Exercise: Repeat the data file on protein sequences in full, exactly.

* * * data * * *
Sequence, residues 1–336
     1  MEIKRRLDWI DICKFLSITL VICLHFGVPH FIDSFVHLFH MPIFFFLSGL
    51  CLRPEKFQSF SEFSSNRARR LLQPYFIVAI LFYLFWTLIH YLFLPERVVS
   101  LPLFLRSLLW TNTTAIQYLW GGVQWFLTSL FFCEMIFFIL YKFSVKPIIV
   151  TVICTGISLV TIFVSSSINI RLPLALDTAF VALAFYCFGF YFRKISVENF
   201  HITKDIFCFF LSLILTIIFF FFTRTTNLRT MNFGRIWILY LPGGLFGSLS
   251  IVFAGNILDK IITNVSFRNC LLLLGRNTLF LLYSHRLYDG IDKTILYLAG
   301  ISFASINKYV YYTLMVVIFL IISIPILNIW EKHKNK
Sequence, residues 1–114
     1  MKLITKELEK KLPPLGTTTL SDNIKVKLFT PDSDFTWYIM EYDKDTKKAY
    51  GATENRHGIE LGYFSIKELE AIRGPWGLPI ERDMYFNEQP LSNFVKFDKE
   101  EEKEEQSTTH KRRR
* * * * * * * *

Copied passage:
Sequence, residues 1–336
     1  MEIKRRLDWI DICKFLSITL VICLHFGVPH FIDSFVHLFH MPIFFFLSGL
    51  CLRPEKFQSF SEFSSNRARR LLQPYFIVAI LFYLFWTLIH YLFLPERVVS
   101  LPLFLRSLLW TNTTAIQYLW GGVQWFLTSL FFCEMIFFIL YKFSVKPIIV
   151  TVICTGISLV TIFVSSSINI RLPLALDTAF VALAFYCFGF YFRKISVENF
   201  HITKDIFCFF LSLILTIIFF FFTRTTNLRT MNFGRIWILY LPGGLFGSLS
   251  IVFAGNILDK IITNVSFRNC LLLLGRNTLF LLYSHRLYDG IDKTILYLAG
   301  ISFASINKYV YYTLMVVIFL IISIPILNIW EKHKNK
Sequence, residues 1–114
     1  MKLITKELEK KLPPLGTTTL SDNIKVKLFT PDSDFTWYIM EYDKDTKKAY
    51  GATENRHGIE LGYFSIKELE AIRGPWGLPI ERDMYFNEQP LSNFVKFDKE
   101  EEKEEQSTTH KRRR